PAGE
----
n-3 Polyunsaturated Fatty Acids and Foetal Growth

  • Gudrun V. SkuladottirEmail author


Pregnancy is a period in a woman’s life when good nutrition is exceptionally important, for both the growing foetus and the health of the mother. Several studies have reported that marine n-3 polyunsaturated fatty acids (PUFA) are one of the macronutrients required for optimal perinatal development and growth. The n-3 PUFA docosahexaenoic acid (DHA, 22:6n-3) plays an important role in foetal development. The placenta transports DHA specifically and in concentrated amounts from the mother’s blood to the foetus. DHA is incorporated into cell membranes of the central nervous system and retina of the foetus, where it increases fluidity of the membranes and participates in various cell functions. Studies indicate that dietary intake of preformed DHA is necessary, because the synthesis of DHA in the human body is not sufficient to meet physiological needs. It has been suggested that maternal red blood cells (RBC) act as a reservoir of DHA. Maternal dietary n-3 PUFA is therefore the most important determinant of n-3 PUFA availability to the growing foetus, since maternal dietary n-3 PUFA intake is assumed to reflect the maternal n-3 PUFA status of RBC lipids. Foetal growth during the first 10 weeks of pregnancy has been shown to be a major determinant of birth weight, and the neonate’s brain experiences a tremendous increase in growth during late gestation and early postnatal life. Moreover, it is indicated that n-3 PUFA could be one of the factors programming the later health of the growing individual. A recent study reported an association between maternal diet and lifestyle during pregnancy and foetal growth. Mothers who consumed a diet classified as the ‘Western diet’ (mainly red meat and little fish), and who smoked, were more likely to give birth to a baby that was small for gestational age. Optimal outcome of pregnancy has been related to improved health of the offspring later in life. The foetus’ birth weight and the risk of hypertension and cardiovascular disease in adult life are dependent on the mother’s nutrition and lifestyle during intrauterine life. The responsibility of women of reproductive age and during the pregnancy is therefore great, since they have to consume fish oil and/or seafood in order to have a reservoir of n-3 PUFA. In this chapter, an attempt is made to give an overview of the maternal status of blood DHA during pregnancy, intrauterine DHA sources, and their association with foetal growth.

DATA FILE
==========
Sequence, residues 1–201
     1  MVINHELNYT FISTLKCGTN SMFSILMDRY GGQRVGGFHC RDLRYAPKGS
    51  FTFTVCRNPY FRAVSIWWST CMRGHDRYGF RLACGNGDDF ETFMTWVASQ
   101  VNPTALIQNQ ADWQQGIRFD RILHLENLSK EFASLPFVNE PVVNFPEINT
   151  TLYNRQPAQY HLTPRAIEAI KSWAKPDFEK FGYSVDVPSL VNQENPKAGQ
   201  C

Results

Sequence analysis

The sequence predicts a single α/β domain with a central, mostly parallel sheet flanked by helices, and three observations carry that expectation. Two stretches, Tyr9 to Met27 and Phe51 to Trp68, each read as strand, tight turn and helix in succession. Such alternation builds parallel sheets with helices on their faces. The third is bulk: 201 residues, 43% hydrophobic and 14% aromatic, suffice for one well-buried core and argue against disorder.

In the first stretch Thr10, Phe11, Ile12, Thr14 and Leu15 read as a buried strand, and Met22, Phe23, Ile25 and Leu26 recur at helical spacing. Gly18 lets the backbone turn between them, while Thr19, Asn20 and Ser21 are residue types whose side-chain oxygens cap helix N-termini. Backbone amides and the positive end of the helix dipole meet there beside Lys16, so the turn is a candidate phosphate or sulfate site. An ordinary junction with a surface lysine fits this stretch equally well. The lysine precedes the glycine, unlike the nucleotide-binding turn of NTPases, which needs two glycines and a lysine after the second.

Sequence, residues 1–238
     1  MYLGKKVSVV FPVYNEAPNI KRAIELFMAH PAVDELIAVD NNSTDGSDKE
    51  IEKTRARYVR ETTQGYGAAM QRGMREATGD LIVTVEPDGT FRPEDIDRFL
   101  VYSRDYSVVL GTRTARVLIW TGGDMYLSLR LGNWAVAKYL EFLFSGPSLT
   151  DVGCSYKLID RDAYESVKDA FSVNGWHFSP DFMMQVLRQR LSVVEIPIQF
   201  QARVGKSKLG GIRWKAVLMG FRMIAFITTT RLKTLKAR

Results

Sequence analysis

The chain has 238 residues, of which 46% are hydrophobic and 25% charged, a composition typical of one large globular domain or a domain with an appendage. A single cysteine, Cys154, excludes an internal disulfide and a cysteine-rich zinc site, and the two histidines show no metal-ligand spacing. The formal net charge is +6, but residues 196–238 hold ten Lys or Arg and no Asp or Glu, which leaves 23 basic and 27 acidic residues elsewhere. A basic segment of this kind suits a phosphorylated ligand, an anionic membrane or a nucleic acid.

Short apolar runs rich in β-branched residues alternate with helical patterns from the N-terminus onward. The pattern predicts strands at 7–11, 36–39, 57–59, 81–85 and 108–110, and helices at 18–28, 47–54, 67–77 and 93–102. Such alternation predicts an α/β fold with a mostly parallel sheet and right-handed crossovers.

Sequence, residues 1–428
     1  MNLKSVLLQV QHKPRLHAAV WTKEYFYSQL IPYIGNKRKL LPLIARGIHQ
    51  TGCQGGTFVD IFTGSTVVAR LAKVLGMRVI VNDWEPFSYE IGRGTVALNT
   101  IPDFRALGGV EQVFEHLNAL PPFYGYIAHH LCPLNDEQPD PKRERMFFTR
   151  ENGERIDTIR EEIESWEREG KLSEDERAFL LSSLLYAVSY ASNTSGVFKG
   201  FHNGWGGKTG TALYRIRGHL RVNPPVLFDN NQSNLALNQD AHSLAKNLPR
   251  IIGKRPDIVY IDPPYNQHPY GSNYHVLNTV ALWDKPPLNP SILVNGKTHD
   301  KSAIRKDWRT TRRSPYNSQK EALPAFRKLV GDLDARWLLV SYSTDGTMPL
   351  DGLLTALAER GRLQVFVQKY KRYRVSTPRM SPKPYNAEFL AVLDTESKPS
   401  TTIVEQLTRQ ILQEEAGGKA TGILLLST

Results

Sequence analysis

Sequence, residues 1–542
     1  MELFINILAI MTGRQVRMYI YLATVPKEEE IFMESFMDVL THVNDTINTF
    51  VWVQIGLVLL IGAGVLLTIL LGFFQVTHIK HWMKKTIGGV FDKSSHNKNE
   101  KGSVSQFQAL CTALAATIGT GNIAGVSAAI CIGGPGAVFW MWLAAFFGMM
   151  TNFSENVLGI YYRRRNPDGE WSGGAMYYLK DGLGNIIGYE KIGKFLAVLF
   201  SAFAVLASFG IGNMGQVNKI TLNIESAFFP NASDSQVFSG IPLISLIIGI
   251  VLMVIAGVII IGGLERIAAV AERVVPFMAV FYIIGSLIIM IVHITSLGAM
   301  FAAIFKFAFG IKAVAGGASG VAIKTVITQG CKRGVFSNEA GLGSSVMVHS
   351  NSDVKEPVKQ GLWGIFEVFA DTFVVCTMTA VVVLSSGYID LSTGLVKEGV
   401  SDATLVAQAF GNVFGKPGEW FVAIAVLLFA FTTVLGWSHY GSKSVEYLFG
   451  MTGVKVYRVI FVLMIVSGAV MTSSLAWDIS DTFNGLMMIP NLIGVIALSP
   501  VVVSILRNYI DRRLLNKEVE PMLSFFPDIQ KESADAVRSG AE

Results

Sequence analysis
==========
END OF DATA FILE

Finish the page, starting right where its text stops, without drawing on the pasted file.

Foetal Growth High Birth Weight PUFA Intake PUFA Status Maternal Adipose Tissue 
These keywords were added by machine and not by the authors. This process is experimental and the keywords may be updated as the learning algorithm improves.



Arachidonic acid (20:4n-6)


α-Linolenic acid (18:3n-3)


Docosahexaenoic acid (22:6n-3)


Docosapentaenoic acid (22:5n-3)


Eicosapentaenoic acid (20:5n-3)


Linoleic acid (LA, 18:2n-6)




Polyunsaturated fatty acids


Red blood cells


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Copyright information

© Springer Science+Business Media, LLC 2012

Authors and Affiliations

  1. 1.Department of Physiology, Faculty of Medicine, School of Health SciencesUniversity of IcelandReykjavikIceland

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